The Samsung Galaxy S3 suffers from the same problem most Android smart phones face: poor battery life. In our reviews, we’ve seen shorter than “all day” battery life. The most likely culprits include the large 5.3″ display, a LTE data connection and other wireless features like NFC, Wi-Fi and Bluetooth.
Users can extend the Samsung Galaxy S3 battery life with some settings tweaks, helpful apps and the right extended battery which some consider an essential Galaxy S3 accessory.
Before we get into the tweaks, check out the phone’s battery life screen in Settings. Tap on Battery and the screen shows how long the phone’s been running. It also shows the percentage of the battery left. Finally, it gives each app’s battery consumption percentage.
Using this information can help in seeing how well the tweaks and apps help.
Turn Off LTE Until It’s Needed
American carriers disabled the option for turning off the LTE radio in the Settings app. A work around means doing some simple hacks which the user can find online. Here’s one for the AT&T version of the Galaxy S3 at XDA Developer’s Forum. The Verizon version hack from Droid Life seems to work as well.
Turn Off Features Until Needed
Fortunately, the wireless carriers didn’t handcuff users by limiting access to the ON/OFF settings of other radios. Access these setting buttons by swiping down from the top of the screen (see above). Turn off Wi-fi, Bluetooth, GPS and more. Tap the Power Saving button, which limits the CPU power consumption, Screen power consumption, screen background and haptic feedback. The screen background uses power for motion screen and haptic feedback makes the phone vibrate when the user taps buttons. Turn the features on the same way.
A couple of features that might suck battery life include NFC and S-Beam, and they can be turned off from Settings. Open the Settings app and tap More settings. Be sure to turn off NFC and S Beam from the File/data transfer section.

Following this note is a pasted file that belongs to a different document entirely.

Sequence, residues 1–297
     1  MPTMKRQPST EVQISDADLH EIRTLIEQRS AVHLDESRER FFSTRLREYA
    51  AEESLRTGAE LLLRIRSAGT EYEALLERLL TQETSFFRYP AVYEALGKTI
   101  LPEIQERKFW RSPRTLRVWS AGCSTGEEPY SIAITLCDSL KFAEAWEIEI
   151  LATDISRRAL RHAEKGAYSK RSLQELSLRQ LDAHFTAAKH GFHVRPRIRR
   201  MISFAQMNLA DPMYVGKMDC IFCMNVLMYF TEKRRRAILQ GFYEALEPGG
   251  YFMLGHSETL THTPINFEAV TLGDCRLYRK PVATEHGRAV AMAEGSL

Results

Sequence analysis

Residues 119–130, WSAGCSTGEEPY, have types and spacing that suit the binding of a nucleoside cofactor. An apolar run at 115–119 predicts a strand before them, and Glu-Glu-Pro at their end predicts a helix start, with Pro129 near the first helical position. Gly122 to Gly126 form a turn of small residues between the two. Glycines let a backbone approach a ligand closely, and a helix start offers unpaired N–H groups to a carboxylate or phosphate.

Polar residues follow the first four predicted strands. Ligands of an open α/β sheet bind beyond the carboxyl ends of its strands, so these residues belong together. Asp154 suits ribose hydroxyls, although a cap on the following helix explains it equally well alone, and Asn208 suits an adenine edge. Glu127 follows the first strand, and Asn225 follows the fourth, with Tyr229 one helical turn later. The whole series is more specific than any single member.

Tweak Screen Display Settings
Go to Settings and Display. PIck a Home screen image that doesn’t use a lot of color. All black will save the most. Definitely don’t use a motion background: that steals the most battery power.
Second, turn off the LED indicator lights. They can be helpful, but when desperate turn them off.
Under Brightness, set the automatic brightness to let the phone change to a brighter display when needed. Or turn it off and slide it all the way down to save battery life.
Pick the Screen timeout and use the lowest time possible. We recommend 1 minute, or 30 seconds, to save the most power. 15 seconds gets annoying, though, since the screen turns off too fast.
Limit Location Services
Only allow apps that need location services to use the phone’s GPS. This usually gets set in the apps themselves.
Widgets and Apps
First, limit the number of widgets on the Android home screen. This helps keep the battery consumption down. However, a few useful widgets can also add to battery conservation.
The Go Power Master app and widget helps the user manage power. The free app offers a number of modes that users can quickly access. Set up a personalized mode to include in the group. Put the widget on the Home screen to change quickly between the modes depending on needs. It also includes a setting to put a battery left percentage in the phone’s status area at the top. See the indicator in the upper left of the screen shot above.
Another app called GreenPower Premium ($2.90) will work with all the Samsung Galaxy S3 user settings related to power and turn them on and off depending on various situations or times. It changes settings based on the time of day, locations, and whether the person using the phone made a call and when the call ends. The premium version adds more features that let users save more battery life. It can add about 20% or more to a user’s battery in a day’s usage.
To keep the Samsung Galaxy S3 thin the company put an underpowered battery in it. Samsung will soon offer an extended battery. Other companies do offer them now. In our tests most of them as much as doubled the phone’s battery life.
We tested a few batteries and recommend the Mugen Extended Battery for those who want long battery life and still need NFC. The Hyperion battery works best when the user doesn’t need NFC and wants to save some money; it only costs $20 while the Mugen battery costs almost $90.
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